business and company Law

business and company Law;

UG Coursework 2014-2015

Clare owns a successful hairdressing salon. She has just bought the bookshop next door with a view to expanding her business premises to include a beauty salon. She entered into a contract with Ben, a builder, who agreed to convert the bookshop for £25,000. Ben agreed to start work on 1 September and said the job would take about six weeks. Clare agreed to pay Ben £5,000 on signing the contract, with the balance payable in two instalments of £10,000 due on 1 October and on completion of the work.
Advise Clare in each of the following alternative situations:

(a)    Clare paid the first instalment and Ben started work on 1 September. On 13 September he told Clare that he had underestimated the cost of the work and had run out of money to buy the materials he needed. Clare had taken a booking for a large wedding group on 1 November and needed to have the work finished before then, as the salon at her original premises was not large enough. She said she would give Ben an extra £2,500 if he guaranteed to have the work done by the end of October. Ben agreed. He finished the work on time and Clare paid the 2nd and 3rd instalments but has not paid the extra £2,500. She wants to know if she can be made to pay this.

(b)    Ben started work on the conversion but shortly after receiving the second instalment on 1 October, he told Clare that he was currently working on too many other building projects and that he would not be able to complete the job. Clare engaged another builder who finished the work for £14,000. She wants to know if she can claim compensation from Ben and whether Ben can recover any more money from her.

(c)    Clare became concerned that Ben’s workmanship was of poor quality. On 27 September, she decided not to pay him anything further and asked him to stop work in order that she could seek an alternative builder to complete the work satisfactorily. She wants to know if she is entitled to do this. If not, can Ben claim any more money from her?

Submission deadline:  15 January 2015

Word limit:   2000

UG/PG Coursework Assessment Criteria
In writing your coursework, you should be aware that you will be assessed by reference to the extent to which your answer meets the following criteria:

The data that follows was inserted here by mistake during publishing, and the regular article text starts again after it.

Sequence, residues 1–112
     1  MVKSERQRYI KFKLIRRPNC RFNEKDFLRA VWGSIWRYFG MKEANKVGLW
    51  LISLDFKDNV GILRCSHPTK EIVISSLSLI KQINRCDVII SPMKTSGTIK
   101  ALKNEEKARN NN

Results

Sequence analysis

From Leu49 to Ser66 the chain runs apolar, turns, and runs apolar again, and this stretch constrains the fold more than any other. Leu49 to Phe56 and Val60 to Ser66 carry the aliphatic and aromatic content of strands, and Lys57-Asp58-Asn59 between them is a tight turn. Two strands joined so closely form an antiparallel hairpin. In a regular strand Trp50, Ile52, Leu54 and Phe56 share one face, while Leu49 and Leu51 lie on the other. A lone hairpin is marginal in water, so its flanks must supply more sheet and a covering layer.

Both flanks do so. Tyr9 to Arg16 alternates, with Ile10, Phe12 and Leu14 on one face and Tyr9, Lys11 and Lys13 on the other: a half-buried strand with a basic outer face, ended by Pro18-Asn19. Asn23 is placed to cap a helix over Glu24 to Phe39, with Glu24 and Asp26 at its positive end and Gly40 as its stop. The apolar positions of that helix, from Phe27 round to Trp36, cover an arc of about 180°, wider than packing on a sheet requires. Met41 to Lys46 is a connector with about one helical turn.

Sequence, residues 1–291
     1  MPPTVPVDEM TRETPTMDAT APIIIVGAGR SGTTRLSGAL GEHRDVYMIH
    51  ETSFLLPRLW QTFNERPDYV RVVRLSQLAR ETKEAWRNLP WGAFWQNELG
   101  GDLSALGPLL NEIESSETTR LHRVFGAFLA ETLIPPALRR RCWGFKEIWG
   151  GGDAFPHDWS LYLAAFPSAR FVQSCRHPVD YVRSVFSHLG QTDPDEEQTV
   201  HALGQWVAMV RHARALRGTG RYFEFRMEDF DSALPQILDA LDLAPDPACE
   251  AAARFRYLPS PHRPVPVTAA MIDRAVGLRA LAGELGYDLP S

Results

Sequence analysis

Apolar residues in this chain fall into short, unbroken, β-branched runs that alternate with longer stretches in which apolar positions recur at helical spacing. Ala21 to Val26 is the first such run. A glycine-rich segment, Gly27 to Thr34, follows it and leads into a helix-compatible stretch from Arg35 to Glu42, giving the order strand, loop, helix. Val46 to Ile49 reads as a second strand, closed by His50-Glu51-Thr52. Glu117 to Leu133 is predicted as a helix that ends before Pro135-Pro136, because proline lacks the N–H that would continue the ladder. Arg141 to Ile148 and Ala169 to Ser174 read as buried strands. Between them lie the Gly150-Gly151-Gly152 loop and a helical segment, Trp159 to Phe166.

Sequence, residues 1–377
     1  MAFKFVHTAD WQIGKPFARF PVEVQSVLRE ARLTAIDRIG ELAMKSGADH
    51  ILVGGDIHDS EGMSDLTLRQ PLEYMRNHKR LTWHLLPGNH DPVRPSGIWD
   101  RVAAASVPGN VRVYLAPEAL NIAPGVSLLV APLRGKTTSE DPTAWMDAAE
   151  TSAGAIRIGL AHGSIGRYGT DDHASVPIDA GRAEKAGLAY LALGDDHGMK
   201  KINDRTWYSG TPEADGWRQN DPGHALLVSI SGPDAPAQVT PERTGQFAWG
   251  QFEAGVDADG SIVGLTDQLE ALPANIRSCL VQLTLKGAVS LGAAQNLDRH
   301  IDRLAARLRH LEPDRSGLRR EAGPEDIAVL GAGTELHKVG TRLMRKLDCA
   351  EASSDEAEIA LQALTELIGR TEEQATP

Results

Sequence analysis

Learning Outcomes    Assessment Criteria
Knowledge and understanding of key concepts    Identification and explanation of relevant legal issues.  Correct application of law to the facts provided.
Cogency and coherence    Synthesis of all essential elements into a coherent explanation
Grammar, punctuation, spelling and presentation    Appropriate design and layout of assignment, good use of academic language
References and use of sources    All statements of law should be supported by relevant cases or statutes

•    Please preserve anonymity by using your university number, not your name.
•    This coursework counts for 50% of the assessment in this module.

NBS Coursework Submission and Return: Key Facts 2014/5

Your coursework should clearly distinguish between your original words and ideas, and those of others. When referring to the work of others, from books, journals or any other source (including the internet), it is essential that you make this clear by acknowledging your source and referencing correctly.  Failure to reference correctly will lose you marks and may constitute plagiarism or collusion.   Unless specified otherwise by the module organiser, Norwich Business School uses the Harvard system of referencing.

University Policy on Plagiarism and Collusion
It is important that all students familiarise themselves with the rules and regulations regarding plagiarism and collusion.  Understanding these rules will help you to avoid plagiarism, and to maintain the quality of your academic work.
You should ensure that you are familiar and up to date with the Universities rule on Plagiarism and Collusion, available at